The view from down here

The right of the people to be secure against unreasonable searches and seizures shall not be infringed

November 24, 2010

I know that it's probably trite to review the Fourth Amendment. There are plenty of court precedents and I'm sure that the TSA airport screening procedures have all been nicely arranged legally.

Still, it matters what we all think about it. Here it is.

"The right of the people to be secure in their persons, houses, papers, and effects, against unreasonable searches and seizures, shall not be violated, and no Warrants shall issue, but upon probable cause, supported by Oath or affirmation, and particularly describing the place to be searched, and the persons or things to be seized."

The question that we must all consider is: What is unreasonable?

The words of the fourth amendment, and of all the others, will continue to hold meaning only as long as we uphold them and honor them.

I am concerned that the TSA is a wedge, a mechanism for training us to accept a transition from the rule of law to rule by sovereign edict.

Both the TSA employees and the citizens they treat as criminals are engaged in a dance not of their design with a purpose that can only be explained by utterly irrational paranoia, or by a very rational intent to change our relationship with our government and with our own sense of liberty.

Let us remember the pledge to defend our nation from all enemies, foreign and domestic.

If this feels somehow wrong to you, you are certainly not alone. No single person can change the premise of society, but remember that society is nothing but the combination of all our beliefs and expectations. Only by believing in honor and liberty and freedom can these ideas hope to endure.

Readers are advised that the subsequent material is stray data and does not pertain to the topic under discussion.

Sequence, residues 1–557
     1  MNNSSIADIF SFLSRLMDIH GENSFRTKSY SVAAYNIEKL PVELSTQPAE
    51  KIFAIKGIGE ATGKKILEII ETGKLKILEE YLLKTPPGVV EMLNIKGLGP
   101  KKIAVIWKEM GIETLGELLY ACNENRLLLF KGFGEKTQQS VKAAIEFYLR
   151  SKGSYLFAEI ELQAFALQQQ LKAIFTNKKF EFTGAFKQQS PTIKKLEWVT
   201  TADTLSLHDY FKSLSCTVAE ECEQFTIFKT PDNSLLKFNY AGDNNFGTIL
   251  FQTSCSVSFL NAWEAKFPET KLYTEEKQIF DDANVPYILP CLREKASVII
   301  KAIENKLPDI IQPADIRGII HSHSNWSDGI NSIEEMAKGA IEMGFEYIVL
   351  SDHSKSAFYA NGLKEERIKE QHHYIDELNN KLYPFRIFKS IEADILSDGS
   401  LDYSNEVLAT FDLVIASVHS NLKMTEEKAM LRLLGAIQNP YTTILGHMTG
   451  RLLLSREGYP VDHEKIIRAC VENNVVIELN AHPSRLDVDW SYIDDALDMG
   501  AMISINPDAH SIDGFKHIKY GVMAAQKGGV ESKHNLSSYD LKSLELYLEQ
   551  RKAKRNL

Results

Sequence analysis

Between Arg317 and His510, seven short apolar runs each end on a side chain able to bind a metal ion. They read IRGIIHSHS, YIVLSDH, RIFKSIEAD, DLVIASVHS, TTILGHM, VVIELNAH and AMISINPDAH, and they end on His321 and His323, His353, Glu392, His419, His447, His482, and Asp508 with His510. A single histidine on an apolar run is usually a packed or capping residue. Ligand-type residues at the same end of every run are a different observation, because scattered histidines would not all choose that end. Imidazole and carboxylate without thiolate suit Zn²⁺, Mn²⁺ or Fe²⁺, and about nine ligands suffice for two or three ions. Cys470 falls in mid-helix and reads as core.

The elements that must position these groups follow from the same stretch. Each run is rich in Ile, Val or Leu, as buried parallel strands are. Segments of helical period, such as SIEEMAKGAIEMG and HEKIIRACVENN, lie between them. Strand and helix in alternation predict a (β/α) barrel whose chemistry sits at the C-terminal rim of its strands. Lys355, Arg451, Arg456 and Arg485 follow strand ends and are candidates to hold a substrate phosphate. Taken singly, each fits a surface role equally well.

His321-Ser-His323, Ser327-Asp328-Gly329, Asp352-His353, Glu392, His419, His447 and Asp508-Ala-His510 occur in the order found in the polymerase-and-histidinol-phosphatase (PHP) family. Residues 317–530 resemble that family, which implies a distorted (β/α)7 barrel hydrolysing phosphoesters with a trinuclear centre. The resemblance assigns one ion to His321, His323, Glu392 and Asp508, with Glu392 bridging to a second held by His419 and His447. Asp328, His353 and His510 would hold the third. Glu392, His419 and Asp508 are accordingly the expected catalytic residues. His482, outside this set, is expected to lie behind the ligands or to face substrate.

We are not criminals, nor are we alone. We are citizens of the United States of America. We are born free. The heritage of our freedom moves through us as waves move through water. We are the medium and the caretakers of our liberty. To be a free people we must not simply enjoy freedom, but we must expect freedom, and be dismayed and bewildered, even angered, at its diminishment. We must believe ourselves to be worthy of freedom, and we must act in ways that show that we both expect and deserve our liberties.

It matters what we believe.

We are the people, and it is ultimately our responsibility. If we do nothing, say nothing, and live as though we are not free, government command and control will continue to seep in like cold water through the cracks in our collective character.

Imagine that there were no security stations. No metal detectors. Nothing. Imagine that we could carry onto a plane whatever we are allowed to carry in a park. Imagine the worst -- possible violence - shootings on planes -- and you will still not come anywhere near the number of deaths every year on the highway.

Would TSA checkpoints, random searches, and warrantless detainment be reasonable concessions to allow us to drive on the highways?

That depends on what you find reasonable. It depends on whether you think they will cross that line, or the line into your home. If we allow them to set the parameters, then they will.

The men and women wearing the dark blue shirts are no doubt doing what they believe is a service to their country, and I can respect that. But they are not the ones who worry me.

I am not even worried by government and other power interests that might be trying to convince us to give up our freedom in exchange for their version of safety.

I'm mostly worried that We The People might simply nod and let them.

Know in your heart that you deserve freedom. You deserve to be presumed innocent, and that merely flying is not probable cause to subject you to warrantless searches, and certainly does not entitle government officials to look at intrusive body scans of you and your family.

Know that the law is a consequence of our beliefs and of our actions, and not the other way around.

Google. Bing. Search. Discuss. Find a place where your voice can be added to others.

Your voice matters. Your belief matters. This may very well be a moment for which history will judge us. Think carefully and look beyond the easy answers.

Copyright 2010 Daniel LaFavers